In a paper published this month in Hepatology, researchers demonstrate a coherent remodelling of metabolic pathways in hepatocytes during liver regeneration and in hepatocellular carcinoma (HCC).
The liver is one of the most active metabolic organs of the human body, characterised by a high degree of plasticity that allows regeneration and healing following acute and chronic damage. Similar mechanisms drive the formation of HCC, one of the leading causes of cancer-related deaths world-wide. Intriguingly, hepatocytes have been shown to ‘rewire’ their metabolism during these processes. Therefore, metabolic pathways have been proposed as candidate targets to control liver cell proliferation, the progression of chronic liver disease (e.g. in fatty liver), and carcinogenesis.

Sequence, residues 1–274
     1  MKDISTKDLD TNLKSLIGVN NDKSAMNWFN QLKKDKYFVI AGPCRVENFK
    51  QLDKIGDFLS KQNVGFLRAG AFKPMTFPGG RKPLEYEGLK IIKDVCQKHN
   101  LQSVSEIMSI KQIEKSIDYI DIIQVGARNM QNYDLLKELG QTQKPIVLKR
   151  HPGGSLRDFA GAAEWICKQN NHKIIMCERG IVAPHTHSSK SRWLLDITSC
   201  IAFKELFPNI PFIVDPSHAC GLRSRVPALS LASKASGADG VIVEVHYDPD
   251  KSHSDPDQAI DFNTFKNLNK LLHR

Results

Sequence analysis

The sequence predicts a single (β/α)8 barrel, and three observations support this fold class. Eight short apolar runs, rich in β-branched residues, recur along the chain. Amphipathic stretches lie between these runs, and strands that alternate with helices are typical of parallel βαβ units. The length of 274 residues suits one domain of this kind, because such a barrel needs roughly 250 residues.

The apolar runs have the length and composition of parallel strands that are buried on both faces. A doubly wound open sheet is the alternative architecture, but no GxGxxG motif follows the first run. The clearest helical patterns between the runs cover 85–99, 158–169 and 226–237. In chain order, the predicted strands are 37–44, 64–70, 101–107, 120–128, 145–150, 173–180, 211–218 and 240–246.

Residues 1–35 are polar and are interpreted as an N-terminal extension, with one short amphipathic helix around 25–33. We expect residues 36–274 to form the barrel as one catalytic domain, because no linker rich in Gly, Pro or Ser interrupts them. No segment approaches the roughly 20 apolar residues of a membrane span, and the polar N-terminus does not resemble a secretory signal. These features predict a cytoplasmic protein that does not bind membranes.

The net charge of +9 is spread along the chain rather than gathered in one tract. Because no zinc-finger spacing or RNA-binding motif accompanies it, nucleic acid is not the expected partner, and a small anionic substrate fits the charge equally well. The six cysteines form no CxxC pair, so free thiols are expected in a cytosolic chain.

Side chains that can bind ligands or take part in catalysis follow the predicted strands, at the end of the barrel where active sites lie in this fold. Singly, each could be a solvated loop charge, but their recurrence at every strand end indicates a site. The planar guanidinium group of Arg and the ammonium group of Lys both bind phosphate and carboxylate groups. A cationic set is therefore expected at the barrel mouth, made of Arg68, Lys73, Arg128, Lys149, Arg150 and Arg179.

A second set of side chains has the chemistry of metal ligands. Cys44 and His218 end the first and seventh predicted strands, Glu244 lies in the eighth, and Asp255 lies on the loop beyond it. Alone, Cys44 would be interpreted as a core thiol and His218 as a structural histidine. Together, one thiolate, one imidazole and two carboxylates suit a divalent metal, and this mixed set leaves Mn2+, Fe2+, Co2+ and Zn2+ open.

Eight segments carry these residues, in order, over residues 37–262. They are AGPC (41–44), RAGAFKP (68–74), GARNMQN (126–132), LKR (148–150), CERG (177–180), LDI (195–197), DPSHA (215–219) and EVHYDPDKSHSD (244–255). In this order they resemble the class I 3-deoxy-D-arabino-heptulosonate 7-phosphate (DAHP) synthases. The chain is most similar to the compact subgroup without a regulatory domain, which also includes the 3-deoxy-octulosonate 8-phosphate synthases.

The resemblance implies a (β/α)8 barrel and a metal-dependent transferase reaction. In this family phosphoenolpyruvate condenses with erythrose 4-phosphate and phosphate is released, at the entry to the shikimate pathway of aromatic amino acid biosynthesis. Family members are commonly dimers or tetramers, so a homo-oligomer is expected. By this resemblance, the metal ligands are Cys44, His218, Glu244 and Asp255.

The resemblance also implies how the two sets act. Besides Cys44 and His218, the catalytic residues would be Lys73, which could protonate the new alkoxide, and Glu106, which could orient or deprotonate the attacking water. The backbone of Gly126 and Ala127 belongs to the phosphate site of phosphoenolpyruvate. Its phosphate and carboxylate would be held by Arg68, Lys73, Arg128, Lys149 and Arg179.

Using an integrated systems biology approach, the study found an increase in formation of monounsaturated phosphatidylcholine that was critical for the hepatocytes’ switch to proliferation and carcinogenesis. These results suggest novel targets for the development of new therapeutic strategies and prognostic biomarkers of chronic liver disease and HCC that will attract the interest of researchers focussing on metabolism, hepatology and cancer.
This collaborative study was led jointly by the IMS-MRL and the Cambridge University Department of Biochemistry. IMS-MRL researchers involved were from the Vidal-Puig Group and the Bioinformatics and Biostatistics Core.